Speculative Execution Side Channel Mitigations

Published: 05/26/2021

Revision 2.0, originally published May 2018

1. Introduction

Side channel methods are techniques that may allow an attacker to gain information through observing the system, such as measuring microarchitectural properties about the system. This document considers multiple side channel methods: branch target injection, bounds check bypass, and speculative store bypass.

Section 2 describes branch target injection and presents mitigation techniques based on indirect branch control mechanisms, which are new interfaces between the processor and system software.

Section 3 describes bounds check bypass as well as mitigation techniques based on software modification.

Section 4 describes speculative store bypass as well as mitigation techniques through Speculative Store Bypass Disable or through software modification.

Section 5 describes CPUID enumeration and the architectural MSRs that are available for use in some mitigations.

2. Indirect Branch Control Mitigation

2.1. Overview of Branch Target Injection

Intel processors use indirect branch predictors to determine the operations that are speculatively executed after a near indirect branch instruction. Branch target injection is a side channel method that takes advantage of the indirect branch predictors. By controlling the operation of the indirect branch predictors (“training”), an attacker can cause certain instructions to be speculatively executed and then use the effects for side channel analysis.

2.2. Overview of Indirect Branch Control Mechanisms

Intel has developed mitigation techniques for branch target injection. One technique uses indirect branch control mechanisms, which are new interfaces between the processor and system software. These mechanisms allow system software to prevent an attacker from controlling a victim's indirect branch predictions (for example, by invalidating the indirect branch predictors at appropriate times).

Three indirect branch control mechanisms are defined in this specification:

Appropriately written software can use these indirect branch control mechanisms to defend against branch target injection attacks.

2.3. Background and Terminology

2.3.1. Indirect Branch Prediction

The processor uses indirect branch predictors to control only the operation of the branch instructions enumerated in the table below.

Instructions that use Indirect Branch Predictors
Branch Type Instruction Opcode
Near Call Indirect CALL r/m16, CALL r/m32, CALL r/m64 FF /2
Near Jump Indirect JMP r/m16, JMP r/m32, JMP r/m64 FF /4
Near Return RET, RET Imm16 C3, C2 Iw

References in this document to indirect branches are only to near call indirect, near jump indirect and near return instructions.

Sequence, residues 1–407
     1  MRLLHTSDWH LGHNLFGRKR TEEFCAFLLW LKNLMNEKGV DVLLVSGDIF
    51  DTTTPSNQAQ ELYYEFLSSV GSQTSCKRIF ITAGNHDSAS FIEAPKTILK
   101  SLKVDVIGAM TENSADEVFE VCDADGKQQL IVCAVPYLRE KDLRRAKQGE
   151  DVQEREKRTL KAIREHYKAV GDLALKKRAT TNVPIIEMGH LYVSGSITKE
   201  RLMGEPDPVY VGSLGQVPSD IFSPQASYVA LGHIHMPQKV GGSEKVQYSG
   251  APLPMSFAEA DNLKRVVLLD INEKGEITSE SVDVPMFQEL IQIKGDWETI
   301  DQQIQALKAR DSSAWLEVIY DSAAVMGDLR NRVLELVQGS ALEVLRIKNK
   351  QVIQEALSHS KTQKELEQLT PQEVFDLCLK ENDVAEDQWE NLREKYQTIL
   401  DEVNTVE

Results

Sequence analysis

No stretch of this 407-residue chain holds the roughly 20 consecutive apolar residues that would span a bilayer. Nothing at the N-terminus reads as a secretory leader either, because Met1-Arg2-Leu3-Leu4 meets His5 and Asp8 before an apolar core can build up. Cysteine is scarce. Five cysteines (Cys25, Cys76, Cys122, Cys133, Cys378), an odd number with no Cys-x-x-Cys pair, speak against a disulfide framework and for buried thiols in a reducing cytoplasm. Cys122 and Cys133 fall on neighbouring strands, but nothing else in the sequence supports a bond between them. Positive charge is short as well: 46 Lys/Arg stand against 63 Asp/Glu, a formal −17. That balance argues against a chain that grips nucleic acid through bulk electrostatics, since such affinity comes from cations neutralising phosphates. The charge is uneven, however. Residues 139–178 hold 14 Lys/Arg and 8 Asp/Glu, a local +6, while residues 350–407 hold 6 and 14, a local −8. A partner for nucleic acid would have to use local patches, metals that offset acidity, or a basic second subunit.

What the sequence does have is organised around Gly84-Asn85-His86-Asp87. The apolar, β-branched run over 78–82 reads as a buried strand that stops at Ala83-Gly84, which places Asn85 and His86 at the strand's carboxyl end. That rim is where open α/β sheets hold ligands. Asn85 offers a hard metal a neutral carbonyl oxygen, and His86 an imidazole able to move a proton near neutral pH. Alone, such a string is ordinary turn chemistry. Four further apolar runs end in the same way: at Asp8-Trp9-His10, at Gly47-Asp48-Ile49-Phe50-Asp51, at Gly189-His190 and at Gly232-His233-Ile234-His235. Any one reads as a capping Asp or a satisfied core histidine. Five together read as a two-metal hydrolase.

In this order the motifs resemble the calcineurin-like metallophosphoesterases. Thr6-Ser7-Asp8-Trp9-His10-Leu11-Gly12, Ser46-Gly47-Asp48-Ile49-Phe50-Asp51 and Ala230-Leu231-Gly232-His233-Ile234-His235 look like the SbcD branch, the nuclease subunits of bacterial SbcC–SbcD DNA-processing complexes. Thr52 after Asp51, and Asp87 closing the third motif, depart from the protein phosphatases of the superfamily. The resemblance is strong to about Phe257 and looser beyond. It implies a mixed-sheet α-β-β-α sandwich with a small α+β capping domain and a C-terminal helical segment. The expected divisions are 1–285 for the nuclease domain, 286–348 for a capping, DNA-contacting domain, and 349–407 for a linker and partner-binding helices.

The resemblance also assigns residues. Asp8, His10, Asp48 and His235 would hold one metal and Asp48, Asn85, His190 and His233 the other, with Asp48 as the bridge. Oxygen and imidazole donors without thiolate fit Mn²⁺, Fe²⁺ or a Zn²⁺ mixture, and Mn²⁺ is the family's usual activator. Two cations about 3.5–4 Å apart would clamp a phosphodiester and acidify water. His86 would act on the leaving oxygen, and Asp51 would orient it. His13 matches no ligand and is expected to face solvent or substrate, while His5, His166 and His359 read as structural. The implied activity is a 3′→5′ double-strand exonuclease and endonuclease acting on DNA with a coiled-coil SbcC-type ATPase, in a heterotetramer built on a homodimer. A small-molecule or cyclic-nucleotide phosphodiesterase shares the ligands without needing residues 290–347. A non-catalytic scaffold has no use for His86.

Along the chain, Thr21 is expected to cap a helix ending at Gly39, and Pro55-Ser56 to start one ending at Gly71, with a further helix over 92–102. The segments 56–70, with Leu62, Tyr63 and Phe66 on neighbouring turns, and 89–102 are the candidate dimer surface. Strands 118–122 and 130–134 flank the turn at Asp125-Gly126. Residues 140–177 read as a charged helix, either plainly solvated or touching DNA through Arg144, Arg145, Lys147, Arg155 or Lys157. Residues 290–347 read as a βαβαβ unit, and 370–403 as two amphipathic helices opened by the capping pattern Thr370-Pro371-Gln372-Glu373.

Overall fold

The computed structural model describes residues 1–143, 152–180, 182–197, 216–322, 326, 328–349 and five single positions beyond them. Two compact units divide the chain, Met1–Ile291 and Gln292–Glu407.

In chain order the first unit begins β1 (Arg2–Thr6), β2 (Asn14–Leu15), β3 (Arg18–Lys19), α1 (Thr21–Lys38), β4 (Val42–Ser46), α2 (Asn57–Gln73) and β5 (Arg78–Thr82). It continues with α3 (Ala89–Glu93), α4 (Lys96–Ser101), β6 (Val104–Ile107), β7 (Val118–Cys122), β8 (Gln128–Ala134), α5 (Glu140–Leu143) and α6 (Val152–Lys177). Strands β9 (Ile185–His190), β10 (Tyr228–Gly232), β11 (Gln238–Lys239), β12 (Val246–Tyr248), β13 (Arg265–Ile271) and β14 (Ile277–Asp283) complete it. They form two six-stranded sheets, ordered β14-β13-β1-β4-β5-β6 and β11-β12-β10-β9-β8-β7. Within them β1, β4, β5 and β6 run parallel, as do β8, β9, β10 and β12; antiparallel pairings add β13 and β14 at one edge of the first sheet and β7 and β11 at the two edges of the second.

2.3.2. Indirect Branch Prediction and Intel® Hyper-Threading Technology (Intel® HT Technology) 

In a processor supporting Intel® Hyper-Threading Technology, a core (or physical processor) may include multiple logical processors. In such a processor, the logical processors sharing a core may share indirect branch predictors. As a result of this sharing, software on one of a core’s logical processors may be able to control the predicted target of an indirect branch executed on another logical processor of the same core. 

This sharing occurs only within a core. Software executing on a logical processor of one core cannot control the predicted target of an indirect branch by a logical processor of a different core. 

2.3.3. Return Stack Buffer (RSB)

The Return Stack Buffer (RSB) is a microarchitectural structure that holds predictions for execution of near RET instructions.

Each execution of a near CALL instruction with a non-zero displacement1 adds an entry to the RSB that contains the address of the instruction sequentially following that CALL instruction. The RSB is not used or updated by far CALL, far RET, or IRET instructions. 

2.3.4 Predictor Mode

Intel processors support different modes of operation corresponding to different degrees of privilege.  VMX root operation (for a virtual-machine monitor, or host) is more privileged than VMX non-root operation (for a virtual machine, or guest). Within either VMX root operation or VMX non-root operation, supervisor mode (CPL < 3) is more privileged than user mode (CPL= 3).

To prevent attacks based on branch target injection, it can be important to ensure that less privileged software cannot control use of the branch predictors by more privileged software. For this reason, it is useful to introduce the concept of predictor mode. There are four predictor modes:

  • host-supervisor
  • host-user
  • guest-supervisor
  • guest-user

The guest predictor modes are considered less privileged than the host predictor modes. Similarly, the user predictor modes are considered less privileged than the supervisor predictor modes.

There are operations that may be used to transition between unrelated software components but which do not change CPL or cause a VMX transition. These operations do not change predictor mode. Examples include MOV to CR3, VMPTRLD, EPTP switching (using VM function 0), and GETSEC[SENTER].

2.4. Indirect Branch Control Mechanisms

2.4.1 Indirect Branch Restricted Speculation (IBRS)

Indirect branch restricted speculation (IBRS) is an indirect branch control mechanism that restricts speculation of indirect branches. A processor supports IBRS if it enumerates CPUID.(EAX=7H,ECX=0):EDX[26] as 1.

2.4.1.1. IBRS:  Basic Support

Processors that support IBRS provide the following guarantees without any enabling by software: